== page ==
Aside from his complete obliviousness to the arguments *on both sides* of the housing bubble debate, Olive also puts forth an incredibly weak argument that, "One of the classic characteristics of a bubble is that in the midst of one, no one thinks it's a bubble. If they did, they'd quickly clear their winnings off the table. That fears of an emerging Canadian housing bubble have preoccupied economists, lenders, policymakers and buyers since last fall is a sure indication that the market is not caught up in an irrational buying frenzy."
Obviously the people who matter - those who are buying the houses and driving up prices - don't think it's a bubble. Per Olive's argument, the fact that prices continue to go up should mean that it *is* a bubble. Aside from that, he seems completely unaware how similar the situation is here to what happened in the U.S. In the U.S. a few pundits (e.g. Robert Shiller, Paul Krugman, Dean Baker) raised concerns about a housing bubble, but the vast majority bought into a 'this time is different' argument. Here in Canada, the situation is the same, the government, the Bank of Canada, economists etc. are all on board with the argument that there is no Canadian housing bubble, with a few exceptions (again Robert Shiller, David Rosenberg, Garth Turner).
A blog on the Science of Cooperation, and from that blog, a recent paper on 'Costly Punishment.' Costly punishment is one of the roads people go down when they twist themselves into pretzels trying to argue that an economy could work just fine if every person was purely self-interested. Of course if people are purely self-interested, they will rip each other off, but if there are sufficient punishments for bad behaviour, it will be in everyone's self-interest to act nice. But what about the self-interest of the people doing the punishment. Taking the time and effort to mete out justice has a cost of its own (hence costly punishment) so the problem of motivating self-interested people remains. The paper in questions suggests that if people are given a choice of entering or leaving a particular collective undertaking (rather than participation being compulsory), the population is more likely to end up being comprised of people who will punish those who fail to cooperate in a group effort.
I'll probably spend some more time on this sort of research a little ways down the line in the series on ethics.
A couple of interesting posts from Rajiv Sethi on the economic theories of Hyman Minsky. Not much comment from me other than to note that I generally agree with Minsky's argument that an economic boom contains the seeds of its own destruction in that, the longer the boom lasts, the more people behave in ways that make sense during a boom but are unsustainable through a full cycle (e.g. subprime mortgage lending).
Penultimately, from Economist's View, an article detailing research on the human brain's response to inequality (we appear to be 'hardwired' to dislike inequality - shocking, I know...)
One does feel like banging one's head against the wall reading this part of the article,
"[the result of the experiment] O'Doherty notes, is somewhat contrary to the prevailing views about human nature. "As a psychologist and cognitive neuroscientist who works on reward and motivation, I very much view the brain as a device designed to maximize one's own self interest," says O'Doherty. "The fact that these basic brain structures appear to be so readily modulated in response to rewards obtained by others highlights the idea that even the basic reward structures in the human brain are not purely self-oriented."
Camerer, too, found the results thought provoking. "We economists have a widespread view that most people are basically self-interested, and won't try to help other people," he says. "But if that were true, you wouldn't see these sort of reactions to other people getting money."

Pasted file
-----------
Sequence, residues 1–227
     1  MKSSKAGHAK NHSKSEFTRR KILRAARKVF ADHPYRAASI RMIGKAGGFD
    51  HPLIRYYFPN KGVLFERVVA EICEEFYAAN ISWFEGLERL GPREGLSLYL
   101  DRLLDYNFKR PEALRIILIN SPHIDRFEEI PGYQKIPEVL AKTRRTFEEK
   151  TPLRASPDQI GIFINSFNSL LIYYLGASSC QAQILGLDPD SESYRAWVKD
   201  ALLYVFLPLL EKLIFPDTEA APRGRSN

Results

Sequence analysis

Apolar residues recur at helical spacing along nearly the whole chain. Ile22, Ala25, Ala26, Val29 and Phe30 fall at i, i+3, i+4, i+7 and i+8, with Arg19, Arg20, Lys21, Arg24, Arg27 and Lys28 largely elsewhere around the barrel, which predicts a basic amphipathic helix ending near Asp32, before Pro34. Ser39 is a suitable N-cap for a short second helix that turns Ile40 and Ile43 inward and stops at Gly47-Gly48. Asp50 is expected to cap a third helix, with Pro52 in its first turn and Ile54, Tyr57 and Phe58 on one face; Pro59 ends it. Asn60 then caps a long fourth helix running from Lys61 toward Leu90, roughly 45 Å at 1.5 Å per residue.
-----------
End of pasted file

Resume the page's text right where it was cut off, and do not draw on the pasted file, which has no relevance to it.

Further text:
Still, he says, it's likely that the reactions of the "rich" participants were at least partly motivated by self-interest—or a reduction of their own discomfort. "We think that, for the people who start out rich, seeing another person get money reduces their guilt over having more than the others."
Here's what David Hume wrote on the topic, in 17 frickin 77 - i.e. 233 years ago.
"the voice of nature and experience seems plainly to oppose the selfish theory.
We frequently bestow praise on virtuous actions, performed in very distant ages and remote countries; where the utmost subtilty of imagination would not discover any appearance of self-interest, or find any connexion of our present happiness and security with events so widely separated from us.
A generous, a brave, a noble deed, performed by an adversary, commands our approbation; while in its consequences it may be acknowledged prejudicial to our particular interest.
Where private advantage concurs with general affection for virtue, we readily perceive and avow the mixture of these distinct sentiments, which have a very different feeling and influence on the mind."
"It is but a weak subterfuge, when pressed by these facts and arguments, to say, that we transport ourselves, by the force of imagination, into distant ages and countries, and consider the advantage, which we should have reaped from these characters, had we been contemporaries, and had any commerce with the persons. It is not conceivable, how a REAL sentiment or passion can ever arise from a known IMAGINARY interest; especially when our REAL interest is still kept in view, and is often acknowledged to be entirely distinct from the imaginary, and even sometimes opposite to it."
This really should be, in my opinion, just as obvious now as it was over 200 years ago, and it's sad to see the presumably intelligent and well educated researchers in the article still holding to the absurd belief that people are only motivated by self-interest.
And finally, on the same topic (more nails in the empty coffins of zombie ideas) here's a paper which shows that people can distinguish historical price patterns in financial markets from randomly generated patterns. The abstract notes that this refutes, "the widespread belief that financial markets 'look random.'" but don't expect any of the people (economists) who subscribe to this theory to change their mind any time soon, any more than the findings on brain response to inequality will affect those who cling, against all evidence, to the notion that people are only motivated by self-interest.